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10 Tips for Throwing a Birthday Party for your TWEEN!

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When it comes to the birthday-party-throwing gig, I'm kind of a pro. I've now thrown chronological celebrations at every age from 1-18. I've been around and around the birthday cake making block, and I'm not gonna lie. I've have full-on loved planning and throwing many a thematic and silly soiree for my boys as they've climbed their way up the growth chart. I don't go overboard, spend a load of money, stress and freakout. I just jump in and enjoy the party train to the fullest. I mean it's a birthday party!! There's no crying at birthday parties! There have been hoedowns in the backyard, Hardy Boys mystery bashes, superhero obstacle courses, flag football blowouts, indoor skydiving, go-cart racing, and almost everything in between. Except princesses. I've never done princesses.

When my boys were younger, it was quite obvious what theme to pick for their birthday parties, because they'd tell us straight out what they would love, or it was clear based on what they were super "into" at the moment. But once my boys landed in tweenville, it became a bit tougher to predict what was going to float their helium balloons.

Over the last several years of planning birthday bashes for my tween-into-teen dudes, there are a few things I've learned along the way. 10 to be exact. Here is my short list of ways to make your tweenager's birthday par-tay simple, fun, and super duper.

1. Let them take the lead. When dealing with a tweenager, it's usually a great idea to get them involved in their own party planning. Don't take this opportunity to surprise them with something adorable and cute, and slightly mortifying, just because you kinda miss when they were little #disaster

2. Keep it contained. In my experience, the days of inviting the whole darn class to your child's birthday party ends well around elementary school. A group of tight friends often trumps mass chaos at this age.

3. Unplug the party .For my son's 12th birthday, he decided he was tired of the constant phone updating and status checking that often happened when his group of friends hung out. So he created a place for his cronies to store their phones when they came to our house for the duration of the party. After the initial befuddlement and slight horror, not one of them asked for or missed their devices one bit.


4. Use tech for Good. If you don't want to confiscate the tween's devices completely, give them something purposeful to do with them while at the party. Set up a private-party photo album using an app like Eversnap and have them snap away at a simple DIY photo booth, or have the group complete a photo scavenger hunt around your hood.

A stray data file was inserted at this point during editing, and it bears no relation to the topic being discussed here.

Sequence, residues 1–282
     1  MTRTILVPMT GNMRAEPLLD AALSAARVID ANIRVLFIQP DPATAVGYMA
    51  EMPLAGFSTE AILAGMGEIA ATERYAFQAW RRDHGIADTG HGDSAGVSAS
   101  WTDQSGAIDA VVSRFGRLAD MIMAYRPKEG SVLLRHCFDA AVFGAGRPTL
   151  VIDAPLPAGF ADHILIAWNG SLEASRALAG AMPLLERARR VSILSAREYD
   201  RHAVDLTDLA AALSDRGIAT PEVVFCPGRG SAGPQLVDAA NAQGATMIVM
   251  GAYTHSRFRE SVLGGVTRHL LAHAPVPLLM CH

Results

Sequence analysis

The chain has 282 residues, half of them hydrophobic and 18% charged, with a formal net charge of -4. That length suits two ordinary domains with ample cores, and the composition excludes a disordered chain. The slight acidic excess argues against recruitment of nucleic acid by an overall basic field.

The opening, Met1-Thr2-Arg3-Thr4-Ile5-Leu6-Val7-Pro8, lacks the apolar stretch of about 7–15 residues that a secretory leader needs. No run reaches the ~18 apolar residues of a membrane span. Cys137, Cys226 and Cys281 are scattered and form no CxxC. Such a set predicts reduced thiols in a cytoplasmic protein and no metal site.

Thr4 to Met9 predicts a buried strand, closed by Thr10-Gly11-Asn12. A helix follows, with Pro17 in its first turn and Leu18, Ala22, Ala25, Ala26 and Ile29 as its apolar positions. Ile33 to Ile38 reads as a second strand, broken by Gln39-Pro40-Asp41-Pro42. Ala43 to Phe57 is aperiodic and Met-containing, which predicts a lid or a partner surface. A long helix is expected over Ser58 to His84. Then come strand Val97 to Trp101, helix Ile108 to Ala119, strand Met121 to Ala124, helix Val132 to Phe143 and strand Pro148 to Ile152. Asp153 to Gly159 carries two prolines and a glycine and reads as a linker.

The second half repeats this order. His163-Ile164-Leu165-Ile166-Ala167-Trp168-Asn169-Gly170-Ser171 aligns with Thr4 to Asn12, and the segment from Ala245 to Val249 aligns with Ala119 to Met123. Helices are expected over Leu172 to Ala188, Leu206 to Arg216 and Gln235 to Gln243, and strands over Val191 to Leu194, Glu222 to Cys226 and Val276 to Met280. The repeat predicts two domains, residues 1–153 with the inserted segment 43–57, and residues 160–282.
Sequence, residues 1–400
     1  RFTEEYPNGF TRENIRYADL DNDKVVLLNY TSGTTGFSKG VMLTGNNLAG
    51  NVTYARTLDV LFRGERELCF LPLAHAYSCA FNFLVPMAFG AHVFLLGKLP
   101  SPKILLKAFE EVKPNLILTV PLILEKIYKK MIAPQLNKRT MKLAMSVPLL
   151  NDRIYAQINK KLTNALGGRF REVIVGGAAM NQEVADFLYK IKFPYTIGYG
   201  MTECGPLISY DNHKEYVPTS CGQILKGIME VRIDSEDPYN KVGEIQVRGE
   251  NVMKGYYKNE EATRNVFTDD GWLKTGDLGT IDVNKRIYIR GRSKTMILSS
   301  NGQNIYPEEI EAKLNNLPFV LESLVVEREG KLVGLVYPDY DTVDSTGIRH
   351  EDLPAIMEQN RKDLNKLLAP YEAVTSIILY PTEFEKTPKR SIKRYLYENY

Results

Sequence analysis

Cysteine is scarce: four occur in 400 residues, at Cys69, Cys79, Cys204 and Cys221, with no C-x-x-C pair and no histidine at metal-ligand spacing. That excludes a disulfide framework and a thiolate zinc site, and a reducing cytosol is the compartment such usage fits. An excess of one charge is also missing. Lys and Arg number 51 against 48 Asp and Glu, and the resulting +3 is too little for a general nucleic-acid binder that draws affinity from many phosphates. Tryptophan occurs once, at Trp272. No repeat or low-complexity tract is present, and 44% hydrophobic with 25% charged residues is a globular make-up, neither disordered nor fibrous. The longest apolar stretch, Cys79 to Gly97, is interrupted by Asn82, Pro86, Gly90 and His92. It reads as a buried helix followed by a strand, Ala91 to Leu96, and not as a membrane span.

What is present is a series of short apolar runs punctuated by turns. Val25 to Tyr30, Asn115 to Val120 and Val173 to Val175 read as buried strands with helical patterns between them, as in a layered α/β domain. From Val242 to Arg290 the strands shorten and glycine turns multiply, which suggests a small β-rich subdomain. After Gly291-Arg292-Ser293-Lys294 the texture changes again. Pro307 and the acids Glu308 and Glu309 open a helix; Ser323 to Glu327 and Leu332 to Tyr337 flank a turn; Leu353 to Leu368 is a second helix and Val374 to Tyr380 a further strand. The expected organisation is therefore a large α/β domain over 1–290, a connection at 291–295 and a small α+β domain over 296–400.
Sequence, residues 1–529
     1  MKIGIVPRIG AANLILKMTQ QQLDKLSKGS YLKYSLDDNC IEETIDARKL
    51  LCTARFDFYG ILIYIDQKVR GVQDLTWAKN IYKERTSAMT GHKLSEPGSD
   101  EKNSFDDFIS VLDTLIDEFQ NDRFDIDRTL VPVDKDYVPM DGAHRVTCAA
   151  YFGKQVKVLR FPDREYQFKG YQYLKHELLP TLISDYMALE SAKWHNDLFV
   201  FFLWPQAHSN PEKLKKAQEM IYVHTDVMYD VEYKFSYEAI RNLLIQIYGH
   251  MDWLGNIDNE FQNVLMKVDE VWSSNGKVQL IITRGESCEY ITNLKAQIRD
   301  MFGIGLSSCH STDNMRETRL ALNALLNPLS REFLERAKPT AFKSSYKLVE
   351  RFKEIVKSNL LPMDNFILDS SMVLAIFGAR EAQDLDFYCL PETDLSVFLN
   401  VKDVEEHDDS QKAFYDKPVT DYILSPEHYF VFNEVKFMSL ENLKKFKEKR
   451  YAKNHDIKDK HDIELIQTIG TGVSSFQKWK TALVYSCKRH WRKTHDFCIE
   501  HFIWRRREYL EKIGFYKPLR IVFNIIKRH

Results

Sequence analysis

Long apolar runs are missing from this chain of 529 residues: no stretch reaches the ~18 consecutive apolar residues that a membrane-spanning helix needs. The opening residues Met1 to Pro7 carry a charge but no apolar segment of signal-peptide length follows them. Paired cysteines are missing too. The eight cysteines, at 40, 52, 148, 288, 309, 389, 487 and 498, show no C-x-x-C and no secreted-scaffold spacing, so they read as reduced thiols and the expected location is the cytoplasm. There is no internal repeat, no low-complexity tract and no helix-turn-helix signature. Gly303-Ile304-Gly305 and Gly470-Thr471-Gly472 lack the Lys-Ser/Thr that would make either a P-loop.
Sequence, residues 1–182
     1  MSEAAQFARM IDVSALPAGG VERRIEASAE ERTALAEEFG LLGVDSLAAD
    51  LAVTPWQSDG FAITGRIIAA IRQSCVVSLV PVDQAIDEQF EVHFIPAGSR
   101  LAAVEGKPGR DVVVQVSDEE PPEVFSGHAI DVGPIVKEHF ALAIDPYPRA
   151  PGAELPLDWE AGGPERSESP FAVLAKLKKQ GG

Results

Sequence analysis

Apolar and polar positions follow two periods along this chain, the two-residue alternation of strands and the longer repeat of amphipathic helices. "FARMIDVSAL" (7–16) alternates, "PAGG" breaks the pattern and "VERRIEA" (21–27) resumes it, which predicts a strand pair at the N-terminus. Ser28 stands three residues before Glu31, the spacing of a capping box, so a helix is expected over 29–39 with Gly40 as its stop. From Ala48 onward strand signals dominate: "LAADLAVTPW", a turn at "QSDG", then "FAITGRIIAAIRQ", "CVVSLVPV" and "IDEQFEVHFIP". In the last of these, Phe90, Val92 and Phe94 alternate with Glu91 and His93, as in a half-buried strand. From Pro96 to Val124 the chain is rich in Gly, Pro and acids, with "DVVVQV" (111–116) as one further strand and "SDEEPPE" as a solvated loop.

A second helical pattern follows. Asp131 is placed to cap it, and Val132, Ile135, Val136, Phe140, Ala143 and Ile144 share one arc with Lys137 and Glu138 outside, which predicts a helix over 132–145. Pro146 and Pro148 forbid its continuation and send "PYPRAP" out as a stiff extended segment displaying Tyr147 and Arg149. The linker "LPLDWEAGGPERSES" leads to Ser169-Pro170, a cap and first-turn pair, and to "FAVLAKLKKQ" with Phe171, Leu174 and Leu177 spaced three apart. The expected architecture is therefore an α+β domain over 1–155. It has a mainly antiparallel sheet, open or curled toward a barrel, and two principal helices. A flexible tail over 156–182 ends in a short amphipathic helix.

5. Go Old School. One year we broke tip #1, and booked an old-school magician (we called him an "illusionist" to make it sound cooler), for my son Truman's birthday. We surprised Tru and his pack of 10 to-cool-for-magic pals with a private show in our living room, and many of them still say it was the most "awesome" party ever. Never underestimate a really good card trick.

6. Sleep-unders are the new Sleepover. My husband and I have discovered that past the age of about 10, sleepovers are the devils spawn. NOTHING good happens after midnight, and the next day you're pretty much the director of an episode of The Walking Dead. Sleep-UNDERS are everything! The shenanigans go until about 10pm at which time parents arrive to pick up their offspring, everyone sleeps in their own beds, and peace and harmony is restored.

7.Give them something fun to DO. This might sound like captain obvious, but try to avoid having your tweens just "hangout" in the basement for 2-3 hours unsupervised. Been there, done that. Something will break, someone will cry, and food will become one with your carpet. Tweens need fun stuff to do together. Plan one or two active, entertaining, or creative activities for them to jump into.


8. Be a Hummingbird parent. You know what tweens dislike a whole lot? Hovering parents. I know it can be irresistible to want to be a part of all the birthday party fun and games, but at this age kids want to feel like they're running their own show. So instead of being the master of ceremonies the whole time, pop in and out, setting them up and letting them fly. Think hummingbird over helicopter.

9. Keep it simple. Our best tween/teen birthdays have been the ones that revolved around a fun activity or two, a group of close friends, easy help-themsleves food, and no drama. Tweens want most to connect with their pals in a fun, adventurous, or silly way without too much folderol from the folks.

10 Enjoy the Ride As your little kids grow into tweens and teens it can be hard for some parents to accept that the days of thematic, over-the-top, elaborate birthday bashes may have given way to simpler, more "grown-up" gatherings, where you don't have as much control. The key is to grow up right along with them and fully enjoy the awesome that comes with every age. Planning an age- appropriate and super fun birthday bash along with your tween is actually a pretty cool way to play together again.

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